Stanford University Researchers Find Skin Cell Type Associated to Scarring
A new study recently published in the journal Science revealed that a specific skin cell type is associated to wound healing and scarring in mice. The study is entitled “Identification and isolation of a dermal lineage with intrinsic fibrogenic potential” and was conducted by researchers at Stanford University School of Medicine.
Fibroblasts are the main cell type responsible for collagen synthesis and the extracellular matrix of organs. Fibroblasts also have a critical role in wound healing as scars are mainly composed of collagen.
“We are the only species that heal with a pathological scar, called a keloid, which can overgrow the site of the original wound,” said the study’s co-senior author Dr. Michael Longaker in a news release.
Scars, either internal or external, can cause a serious burden, being linked to several medical conditions due to excess fibrous connective tissue (fibrosis). “The biomedical burden of scarring is enormous,” noted Dr. Longaker. “About 80 million incisions a year in this country heal with a scar, and that’s just on the skin alone. Internal scarring is responsible for many medical conditions, including liver cirrhosis, pulmonary fibrosis, intestinal adhesions and even the damage left behind after a heart attack.” Another serious scarring-related condition is scleroderma, a rare chronic autoimmune disorder where the body’s own immune system attacks healthy tissue resulting in a hardening and tightening of the skin and connective tissue (scarring).
In order to develop therapies for conditions related to fibrosis and scarring, it is necessary to better understand the pathogenesis and mechanisms associated to these processes. A previous study has reported two distinct lineages of fibroblasts in mice’s skin, where the one in the lower skin layer (characterized by the expression of a protein named engrailed) was found to regulate the initial repair steps in response to a wound.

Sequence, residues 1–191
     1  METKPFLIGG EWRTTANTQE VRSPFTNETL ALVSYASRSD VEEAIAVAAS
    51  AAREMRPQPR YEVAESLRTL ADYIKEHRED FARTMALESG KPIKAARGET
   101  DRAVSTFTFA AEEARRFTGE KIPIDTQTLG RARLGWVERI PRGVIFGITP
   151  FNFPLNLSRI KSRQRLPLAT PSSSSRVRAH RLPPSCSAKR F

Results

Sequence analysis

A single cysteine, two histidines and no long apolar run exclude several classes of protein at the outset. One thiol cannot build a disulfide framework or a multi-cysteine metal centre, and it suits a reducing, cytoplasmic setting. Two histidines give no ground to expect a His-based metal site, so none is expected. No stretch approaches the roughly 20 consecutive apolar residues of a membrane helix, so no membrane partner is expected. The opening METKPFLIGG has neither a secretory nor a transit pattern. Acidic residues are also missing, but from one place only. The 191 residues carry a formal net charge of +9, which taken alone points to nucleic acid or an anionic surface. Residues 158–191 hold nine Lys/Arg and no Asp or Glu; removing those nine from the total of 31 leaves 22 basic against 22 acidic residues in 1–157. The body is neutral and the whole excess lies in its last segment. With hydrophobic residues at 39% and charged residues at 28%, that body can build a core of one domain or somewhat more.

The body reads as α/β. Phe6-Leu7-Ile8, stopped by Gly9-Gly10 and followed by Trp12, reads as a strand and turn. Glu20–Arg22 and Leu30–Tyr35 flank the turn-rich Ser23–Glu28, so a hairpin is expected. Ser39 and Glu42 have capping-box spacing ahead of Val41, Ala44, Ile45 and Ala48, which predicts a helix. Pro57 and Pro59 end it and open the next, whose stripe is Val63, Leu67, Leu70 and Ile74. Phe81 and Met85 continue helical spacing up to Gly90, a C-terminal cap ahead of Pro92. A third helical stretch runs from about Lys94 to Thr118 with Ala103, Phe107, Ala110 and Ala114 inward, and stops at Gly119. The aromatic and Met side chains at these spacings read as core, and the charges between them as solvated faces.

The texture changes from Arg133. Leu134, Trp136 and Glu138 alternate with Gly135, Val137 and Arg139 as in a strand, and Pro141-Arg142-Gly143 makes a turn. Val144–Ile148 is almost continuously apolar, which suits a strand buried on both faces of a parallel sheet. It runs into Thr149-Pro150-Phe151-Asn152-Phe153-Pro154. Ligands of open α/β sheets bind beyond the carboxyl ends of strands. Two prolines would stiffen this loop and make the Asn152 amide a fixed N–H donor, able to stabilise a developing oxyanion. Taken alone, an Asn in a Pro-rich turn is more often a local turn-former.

In this study, the research team hypothesized that this type of fibroblast, called “engrailed-positive fibroblasts” (EPF), could be responsible for collagen accumulation in the wound healing process and scar formation. Researchers genetically engineered mice in which EPF cells were tagged with a green fluorescent protein to allow their monitoring throughout mice development.
Researchers found that EPF cells in mice have a dramatic increase from less than 1% in embryos 10 days old to approximately 75% in animals 1 month old, in comparison to the overall number of skin fibroblasts. The team also found evidence that EPF cells play a crucial role in the scarring process, as in their absence, the wounds took an extra six days to heal completely but exhibited less scarring and a functional repaired skin.
The research team found that EPF cells express on their surface a protein called CD26, which has been linked to the metabolism of several hormones such as insulin, being used as a target in humans for type-2 diabetes. Blocking CD26 activity resulted in a slower wound healing in mice and a lessened scarring, similar to what is observed in the absence of EPF cells.
Researchers also found that these EPF cells are linked to radiation-induced skin damage (fibrosis) and melanoma growth (skin cancer), as in mice lacking EPF cells, fibrosis was considerably reduced after exposure to radiation and transplanted melanoma cells grew more slowly than in mice with normal EPF expression.
The research team concluded that skin EPF cells are responsible for scarring and possibly involved in radiation-induced skin damage and melanoma growth. The team suggests that targeted inhibition of these cells could represent a potential therapeutic approach for excessive scarring and fibrotic diseases like scleroderma.